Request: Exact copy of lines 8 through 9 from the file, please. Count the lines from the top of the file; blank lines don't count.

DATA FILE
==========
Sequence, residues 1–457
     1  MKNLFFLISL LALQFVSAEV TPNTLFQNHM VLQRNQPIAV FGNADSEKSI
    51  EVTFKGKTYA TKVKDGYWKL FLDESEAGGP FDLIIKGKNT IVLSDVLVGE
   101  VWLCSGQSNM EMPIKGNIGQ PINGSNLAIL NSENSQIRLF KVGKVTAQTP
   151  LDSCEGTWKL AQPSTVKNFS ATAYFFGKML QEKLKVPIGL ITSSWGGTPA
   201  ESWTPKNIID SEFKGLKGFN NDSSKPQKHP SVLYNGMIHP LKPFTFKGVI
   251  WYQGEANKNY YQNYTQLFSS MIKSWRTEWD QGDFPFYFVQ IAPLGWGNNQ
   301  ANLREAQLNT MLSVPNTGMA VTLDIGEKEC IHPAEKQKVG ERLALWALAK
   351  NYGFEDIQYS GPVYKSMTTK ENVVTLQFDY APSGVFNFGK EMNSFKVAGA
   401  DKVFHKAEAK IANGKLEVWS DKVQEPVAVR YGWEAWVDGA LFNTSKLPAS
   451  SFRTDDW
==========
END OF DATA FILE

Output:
   301  ANLREAQLNT MLSVPNTGMA VTLDIGEKEC IHPAEKQKVG ERLALWALAK
   351  NYGFEDIQYS GPVYKSMTTK ENVVTLQFDY APSGVFNFGK EMNSFKVAGA